The skills required of each function will be different when a change is to be implemented successfully. For instance, if one of our public sector banks plans to become more customer-centric, they need to look at customer service representatives and call-centre employees closely and train them for more empathy, responsiveness and reliability.

The executive in charge of CRM should focus on the following steps for a fair shot at success:

>> What are our business priorities? It could be building better solutions and shortening service time in one company, building more intelligent systems in another. It is important to prioritise and carry everyone around that.

>> What are our current challenges? To achieve our prioritised objectives, we need to know the key obstacles in our path.

>> How can we answer the employees’ question “what’s in it for me?” Establish the links between what employees do every day and the organisation’s priorities. Explaining how their work is benefiting the organisation’s bottom line will get their attention.

>> Can we show possible scenarios to all stakeholders? For stakeholders’ complete commitment, it is important to show the best and the worst-case scenarios and also what happens if nothing is done.

>> What is the business proposal on CRM? Turn the answers to all the questions above into a business proposal, so that the stakeholders can understand and approve. It is an investment and so establishing an ROI is important.

With these steps in place, you will be able to get all the stakeholders to examine the various CRM software packages that are available. That does not mean your work is done as the executive in charge of CRM. You now need to develop a roadmap that clearly defines how your organisation is actually going to accomplish the required tasks in a systematic manner. You may find that the timelines for this project will have to be extended beyond the scope of the allotted budget currently. It will also be a bit unclear as you map the road further into the future unchartered waters.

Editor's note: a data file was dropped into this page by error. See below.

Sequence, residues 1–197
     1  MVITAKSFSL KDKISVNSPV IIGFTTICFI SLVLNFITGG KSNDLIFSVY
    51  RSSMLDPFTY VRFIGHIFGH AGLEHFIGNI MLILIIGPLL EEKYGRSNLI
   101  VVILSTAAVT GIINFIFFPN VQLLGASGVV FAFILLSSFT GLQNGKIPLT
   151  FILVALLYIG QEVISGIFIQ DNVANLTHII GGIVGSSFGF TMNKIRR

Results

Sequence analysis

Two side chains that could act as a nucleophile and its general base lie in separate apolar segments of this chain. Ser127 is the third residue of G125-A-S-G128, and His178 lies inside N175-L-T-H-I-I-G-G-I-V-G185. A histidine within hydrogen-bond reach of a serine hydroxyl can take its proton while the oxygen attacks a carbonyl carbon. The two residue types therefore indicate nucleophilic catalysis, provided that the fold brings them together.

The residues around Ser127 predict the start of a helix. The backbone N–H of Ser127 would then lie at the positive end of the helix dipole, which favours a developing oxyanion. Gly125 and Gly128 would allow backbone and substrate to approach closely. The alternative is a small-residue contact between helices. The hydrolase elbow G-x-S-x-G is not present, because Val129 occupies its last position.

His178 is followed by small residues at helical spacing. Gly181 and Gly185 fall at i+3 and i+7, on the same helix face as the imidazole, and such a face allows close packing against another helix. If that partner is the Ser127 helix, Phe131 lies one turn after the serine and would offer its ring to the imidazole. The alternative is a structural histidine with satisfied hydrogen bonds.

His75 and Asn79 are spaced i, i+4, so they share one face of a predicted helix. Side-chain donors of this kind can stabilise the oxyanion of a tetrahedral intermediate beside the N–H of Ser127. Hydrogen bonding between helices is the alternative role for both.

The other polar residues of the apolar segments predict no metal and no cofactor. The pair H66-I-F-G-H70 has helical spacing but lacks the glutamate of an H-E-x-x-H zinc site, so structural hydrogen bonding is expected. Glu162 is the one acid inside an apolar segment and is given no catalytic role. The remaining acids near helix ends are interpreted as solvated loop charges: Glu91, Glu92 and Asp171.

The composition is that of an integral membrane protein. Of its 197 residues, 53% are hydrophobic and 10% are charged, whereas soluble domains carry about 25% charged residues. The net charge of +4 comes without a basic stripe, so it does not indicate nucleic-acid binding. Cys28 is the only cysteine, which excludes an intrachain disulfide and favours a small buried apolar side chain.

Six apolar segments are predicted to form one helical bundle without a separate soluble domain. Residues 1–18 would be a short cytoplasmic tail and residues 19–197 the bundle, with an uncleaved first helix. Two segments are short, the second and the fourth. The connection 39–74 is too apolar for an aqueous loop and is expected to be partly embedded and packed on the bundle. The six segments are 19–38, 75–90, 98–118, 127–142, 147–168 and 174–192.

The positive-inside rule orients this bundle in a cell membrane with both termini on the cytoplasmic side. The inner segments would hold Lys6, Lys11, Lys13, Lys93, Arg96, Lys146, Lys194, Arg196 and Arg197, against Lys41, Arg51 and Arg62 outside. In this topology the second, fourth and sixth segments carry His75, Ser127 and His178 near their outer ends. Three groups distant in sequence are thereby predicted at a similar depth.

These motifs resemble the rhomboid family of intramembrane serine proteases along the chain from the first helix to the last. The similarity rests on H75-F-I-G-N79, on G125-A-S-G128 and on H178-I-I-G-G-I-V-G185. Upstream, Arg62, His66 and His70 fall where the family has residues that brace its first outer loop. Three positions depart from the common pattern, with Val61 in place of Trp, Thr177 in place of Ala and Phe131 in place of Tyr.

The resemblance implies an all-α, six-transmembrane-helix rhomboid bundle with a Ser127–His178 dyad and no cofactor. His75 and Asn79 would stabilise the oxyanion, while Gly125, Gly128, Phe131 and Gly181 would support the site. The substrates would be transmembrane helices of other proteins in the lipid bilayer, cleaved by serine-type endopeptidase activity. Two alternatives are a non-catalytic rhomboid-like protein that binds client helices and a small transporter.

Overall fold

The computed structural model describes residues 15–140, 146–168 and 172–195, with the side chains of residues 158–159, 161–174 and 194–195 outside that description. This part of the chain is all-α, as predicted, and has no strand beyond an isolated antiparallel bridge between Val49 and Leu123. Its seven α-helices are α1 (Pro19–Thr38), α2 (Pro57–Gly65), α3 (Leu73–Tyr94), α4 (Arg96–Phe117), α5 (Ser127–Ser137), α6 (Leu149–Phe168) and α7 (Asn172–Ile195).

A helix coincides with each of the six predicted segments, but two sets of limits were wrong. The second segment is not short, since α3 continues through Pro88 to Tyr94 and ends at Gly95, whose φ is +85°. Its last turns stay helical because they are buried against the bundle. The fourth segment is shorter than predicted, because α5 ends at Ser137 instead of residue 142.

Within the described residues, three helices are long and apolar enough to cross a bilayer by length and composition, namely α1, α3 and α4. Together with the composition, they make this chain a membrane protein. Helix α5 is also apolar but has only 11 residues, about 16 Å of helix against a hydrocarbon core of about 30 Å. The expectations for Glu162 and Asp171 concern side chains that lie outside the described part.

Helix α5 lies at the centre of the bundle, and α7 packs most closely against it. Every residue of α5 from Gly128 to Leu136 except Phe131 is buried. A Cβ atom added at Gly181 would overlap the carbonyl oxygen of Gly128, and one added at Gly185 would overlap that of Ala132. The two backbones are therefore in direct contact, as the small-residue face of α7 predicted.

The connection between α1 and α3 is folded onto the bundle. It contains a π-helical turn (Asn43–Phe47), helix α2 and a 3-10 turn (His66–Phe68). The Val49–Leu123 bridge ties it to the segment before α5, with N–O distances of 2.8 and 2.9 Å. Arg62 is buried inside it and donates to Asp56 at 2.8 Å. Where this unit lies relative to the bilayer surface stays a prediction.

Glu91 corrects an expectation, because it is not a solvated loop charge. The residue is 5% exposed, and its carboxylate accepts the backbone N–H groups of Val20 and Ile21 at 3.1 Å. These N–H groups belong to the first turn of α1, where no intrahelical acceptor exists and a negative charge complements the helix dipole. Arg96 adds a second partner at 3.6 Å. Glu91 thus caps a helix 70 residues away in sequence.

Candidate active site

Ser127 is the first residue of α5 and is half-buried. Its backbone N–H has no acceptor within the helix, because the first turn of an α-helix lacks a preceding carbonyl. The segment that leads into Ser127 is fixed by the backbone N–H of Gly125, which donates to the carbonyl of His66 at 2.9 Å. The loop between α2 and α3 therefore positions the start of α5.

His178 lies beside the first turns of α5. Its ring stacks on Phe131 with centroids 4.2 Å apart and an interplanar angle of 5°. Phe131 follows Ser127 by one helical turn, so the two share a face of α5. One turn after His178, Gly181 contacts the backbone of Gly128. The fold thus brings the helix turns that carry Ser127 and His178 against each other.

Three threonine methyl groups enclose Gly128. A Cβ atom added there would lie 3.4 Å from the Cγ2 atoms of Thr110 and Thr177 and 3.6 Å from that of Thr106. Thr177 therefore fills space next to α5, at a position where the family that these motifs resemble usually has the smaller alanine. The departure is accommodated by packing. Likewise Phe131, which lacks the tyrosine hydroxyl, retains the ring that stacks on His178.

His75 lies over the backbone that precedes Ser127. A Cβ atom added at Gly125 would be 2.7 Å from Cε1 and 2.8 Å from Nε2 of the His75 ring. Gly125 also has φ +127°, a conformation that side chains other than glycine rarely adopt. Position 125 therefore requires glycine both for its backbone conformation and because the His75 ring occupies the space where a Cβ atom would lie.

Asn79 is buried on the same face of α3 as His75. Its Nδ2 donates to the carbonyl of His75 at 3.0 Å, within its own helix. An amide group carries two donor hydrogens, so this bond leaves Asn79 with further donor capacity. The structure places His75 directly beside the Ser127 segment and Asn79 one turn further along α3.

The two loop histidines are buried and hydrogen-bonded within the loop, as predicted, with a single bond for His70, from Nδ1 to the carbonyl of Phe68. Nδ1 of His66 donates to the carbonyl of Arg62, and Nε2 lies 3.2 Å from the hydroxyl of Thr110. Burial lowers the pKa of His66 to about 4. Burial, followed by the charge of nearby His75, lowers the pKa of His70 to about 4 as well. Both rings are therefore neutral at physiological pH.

You will also have to draw the strategic roadmap with a strong implementation plan, with budgets linked to it. Scores of companies have found the balanced scorecard as one useful tool for driving the entire change agenda. Sometimes executives will be impatient for change but proper planning will be very beneficial. Occasionally we have found that executives in India lack the proper planning skills and it paralyses the entire project to a halt.

Since a CRM project is not a software project, it requires the skills of managing people, processes and systems. If you find the right mixture of these three skills in your team you will be in the 30 percent that finds success with CRM.
M Muneer is the managing director of CustomerLab Solutions, a consulting firm.
first published: Jul 17, 2021 07:19 am

stay updated

Get Daily News on your Browser
Sections
ISO 27001 - BSI Assurance Mark